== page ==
Mars Global Surveyor snaps its 100,000th image
Posted: November 22, 2001

Mars Global Surveyor (MGS) was launched from Earth just over five years ago on November 7, 1996. It began to orbit Mars on September 12, 1997. After slightly more than four years in orbit, we have now received our 100,000th image from the MGS Mars Orbiter Camera (MOC). For comparison, the Viking 1 and Viking 2 orbiters together returned ~55,000 images during the time they were operational from 1976 to 1980. The Vikings returned about 70 Gbytes of data; MOC has returned 163 Gbytes (after decompression).

Photo: NASA/JPL/Malin Space Science Systems
MOC's 100,000th image, E10-00678 (above), was received on November 5, 2001. The 100,000th image is located near 24.2 degrees N, 127.4 degrees W, in Cyane Sulci, a grouping of ridges northeast of the giant volcano, Olympus Mons. The picture shows a valley running diagonally from near the upper right to the lower left, the floor of which is covered by windblown dunes. The slopes on either side of the valley show dark streaks of debris that have slid down from the surrounding ridges. The image has fairly low contrast and a streaked appearance because the atmosphere of Mars was still somewhat hazy following a series of large dust storms that nearly obscured the planet between July and October 2001. The image is illuminated from the lower left and covers an area 1.5 km (0.9 mi) across.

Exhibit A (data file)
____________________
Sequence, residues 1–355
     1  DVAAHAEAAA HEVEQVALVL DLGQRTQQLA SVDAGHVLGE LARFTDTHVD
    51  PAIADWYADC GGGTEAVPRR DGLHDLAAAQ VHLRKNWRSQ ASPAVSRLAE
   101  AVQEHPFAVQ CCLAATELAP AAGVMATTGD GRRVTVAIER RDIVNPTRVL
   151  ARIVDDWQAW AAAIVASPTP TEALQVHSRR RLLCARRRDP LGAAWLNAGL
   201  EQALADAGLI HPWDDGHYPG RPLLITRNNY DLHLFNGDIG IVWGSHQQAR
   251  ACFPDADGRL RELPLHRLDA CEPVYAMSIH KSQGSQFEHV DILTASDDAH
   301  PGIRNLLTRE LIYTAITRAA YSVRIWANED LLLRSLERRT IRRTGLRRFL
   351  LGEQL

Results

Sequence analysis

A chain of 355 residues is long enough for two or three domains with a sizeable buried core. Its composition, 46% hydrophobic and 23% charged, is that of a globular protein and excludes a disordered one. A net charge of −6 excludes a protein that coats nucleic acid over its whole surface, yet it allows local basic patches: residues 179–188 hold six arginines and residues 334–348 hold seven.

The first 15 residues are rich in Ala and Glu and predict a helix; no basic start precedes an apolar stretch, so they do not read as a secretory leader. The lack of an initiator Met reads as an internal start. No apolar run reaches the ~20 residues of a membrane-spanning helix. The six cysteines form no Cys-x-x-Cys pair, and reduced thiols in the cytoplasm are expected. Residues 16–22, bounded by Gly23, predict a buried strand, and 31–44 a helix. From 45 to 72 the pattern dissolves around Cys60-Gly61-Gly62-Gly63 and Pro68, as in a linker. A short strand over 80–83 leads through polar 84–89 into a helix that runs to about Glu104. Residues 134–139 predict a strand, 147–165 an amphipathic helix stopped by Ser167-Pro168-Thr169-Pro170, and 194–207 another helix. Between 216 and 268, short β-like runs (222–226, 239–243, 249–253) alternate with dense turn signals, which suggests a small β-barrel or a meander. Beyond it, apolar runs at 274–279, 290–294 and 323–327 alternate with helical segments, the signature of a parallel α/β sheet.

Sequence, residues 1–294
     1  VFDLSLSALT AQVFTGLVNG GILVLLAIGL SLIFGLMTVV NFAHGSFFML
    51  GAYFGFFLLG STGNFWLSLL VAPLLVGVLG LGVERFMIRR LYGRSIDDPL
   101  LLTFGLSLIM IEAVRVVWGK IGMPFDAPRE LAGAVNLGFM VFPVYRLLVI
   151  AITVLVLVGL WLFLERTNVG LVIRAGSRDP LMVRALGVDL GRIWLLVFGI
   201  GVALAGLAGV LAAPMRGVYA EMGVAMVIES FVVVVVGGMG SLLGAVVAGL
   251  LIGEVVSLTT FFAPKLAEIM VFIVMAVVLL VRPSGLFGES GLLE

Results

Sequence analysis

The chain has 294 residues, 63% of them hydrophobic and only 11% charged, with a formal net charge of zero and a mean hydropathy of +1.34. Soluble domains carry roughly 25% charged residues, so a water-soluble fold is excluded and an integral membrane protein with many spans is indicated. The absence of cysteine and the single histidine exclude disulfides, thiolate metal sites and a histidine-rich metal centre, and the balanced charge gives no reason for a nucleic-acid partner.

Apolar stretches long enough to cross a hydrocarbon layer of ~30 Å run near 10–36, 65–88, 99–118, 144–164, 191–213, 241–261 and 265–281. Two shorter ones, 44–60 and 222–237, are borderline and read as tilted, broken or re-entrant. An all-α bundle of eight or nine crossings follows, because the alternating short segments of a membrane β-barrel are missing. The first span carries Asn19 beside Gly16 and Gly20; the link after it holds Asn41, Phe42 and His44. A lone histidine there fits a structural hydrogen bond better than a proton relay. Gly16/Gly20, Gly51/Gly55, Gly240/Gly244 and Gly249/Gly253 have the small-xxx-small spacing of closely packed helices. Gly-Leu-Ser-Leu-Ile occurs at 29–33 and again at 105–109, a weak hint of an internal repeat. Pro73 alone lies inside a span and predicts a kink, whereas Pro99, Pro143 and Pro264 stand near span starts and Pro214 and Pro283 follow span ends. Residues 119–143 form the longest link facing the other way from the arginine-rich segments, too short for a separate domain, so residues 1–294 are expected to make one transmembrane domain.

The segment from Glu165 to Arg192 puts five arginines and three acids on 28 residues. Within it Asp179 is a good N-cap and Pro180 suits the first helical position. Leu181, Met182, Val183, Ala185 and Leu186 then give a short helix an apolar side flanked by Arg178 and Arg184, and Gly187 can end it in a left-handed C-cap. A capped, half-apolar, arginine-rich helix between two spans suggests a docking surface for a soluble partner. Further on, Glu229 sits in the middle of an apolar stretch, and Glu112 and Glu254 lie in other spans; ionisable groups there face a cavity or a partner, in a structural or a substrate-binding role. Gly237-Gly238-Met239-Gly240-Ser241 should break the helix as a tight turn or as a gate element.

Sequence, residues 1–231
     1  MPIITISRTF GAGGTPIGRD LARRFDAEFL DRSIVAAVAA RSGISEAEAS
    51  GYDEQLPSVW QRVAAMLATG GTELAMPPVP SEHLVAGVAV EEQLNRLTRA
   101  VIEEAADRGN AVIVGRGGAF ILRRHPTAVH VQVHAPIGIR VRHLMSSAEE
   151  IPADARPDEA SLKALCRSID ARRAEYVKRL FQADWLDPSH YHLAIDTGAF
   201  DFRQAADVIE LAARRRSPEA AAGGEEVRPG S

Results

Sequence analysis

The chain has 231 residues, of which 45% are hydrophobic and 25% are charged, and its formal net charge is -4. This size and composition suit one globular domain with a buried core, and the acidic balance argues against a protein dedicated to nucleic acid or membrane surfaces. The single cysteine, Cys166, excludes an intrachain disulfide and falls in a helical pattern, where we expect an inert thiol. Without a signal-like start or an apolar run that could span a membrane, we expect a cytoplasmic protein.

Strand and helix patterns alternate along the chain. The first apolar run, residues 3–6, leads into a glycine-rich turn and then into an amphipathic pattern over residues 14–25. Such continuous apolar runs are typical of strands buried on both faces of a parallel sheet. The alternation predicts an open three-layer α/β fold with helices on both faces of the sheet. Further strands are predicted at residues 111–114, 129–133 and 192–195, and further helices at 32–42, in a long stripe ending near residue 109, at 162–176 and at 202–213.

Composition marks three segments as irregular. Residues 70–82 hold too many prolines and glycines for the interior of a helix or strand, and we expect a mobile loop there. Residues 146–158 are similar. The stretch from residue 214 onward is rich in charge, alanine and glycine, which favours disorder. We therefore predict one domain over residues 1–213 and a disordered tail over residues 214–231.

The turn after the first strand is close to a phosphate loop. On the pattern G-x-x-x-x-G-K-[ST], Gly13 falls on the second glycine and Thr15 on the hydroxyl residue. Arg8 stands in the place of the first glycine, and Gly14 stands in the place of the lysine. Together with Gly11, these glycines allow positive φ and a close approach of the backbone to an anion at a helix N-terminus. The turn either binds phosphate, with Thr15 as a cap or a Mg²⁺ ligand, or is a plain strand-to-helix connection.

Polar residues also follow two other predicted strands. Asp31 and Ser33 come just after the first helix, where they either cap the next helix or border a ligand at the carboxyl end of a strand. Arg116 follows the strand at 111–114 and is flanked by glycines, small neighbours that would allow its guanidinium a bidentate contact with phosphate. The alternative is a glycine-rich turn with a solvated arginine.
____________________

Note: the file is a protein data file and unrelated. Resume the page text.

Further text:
To date, more than two-thirds of all MOC images, covering the first year and a half of pre-mapping operations and the first full Mars year of mapping, have been carefully examined, validated, cataloged, and archived with the NASA Planetary Data System (PDS). To view these first 78,000+ MOC images, visit the MOC Gallery. Work is on-going to similarly process data being collected during the "extended mission" presently underway, which will be archived in future deliveries to the PDS.

Malin Space Science Systems and the California Institute of Technology built the MOC using spare hardware from the Mars Observer mission. MSSS operates the camera from its facilities in San Diego, CA. The Jet Propulsion Laboratory's Mars Surveyor Operations Project operates the Mars Global Surveyor spacecraft with its industrial partner, Lockheed Martin Astronautics, from facilities in Pasadena, CA and Denver, CO.